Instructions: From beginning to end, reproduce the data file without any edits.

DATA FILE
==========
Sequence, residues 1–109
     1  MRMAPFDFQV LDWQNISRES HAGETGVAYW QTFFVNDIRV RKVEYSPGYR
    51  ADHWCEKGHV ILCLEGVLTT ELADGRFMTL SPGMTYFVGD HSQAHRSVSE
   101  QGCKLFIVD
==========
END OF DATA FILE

Sequence, residues 1–109
     1  MRMAPFDFQV LDWQNISRES HAGETGVAYW QTFFVNDIRV RKVEYSPGYR
    51  ADHWCEKGHV ILCLEGVLTT ELADGRFMTL SPGMTYFVGD HSQAHRSVSE
   101  QGCKLFIVD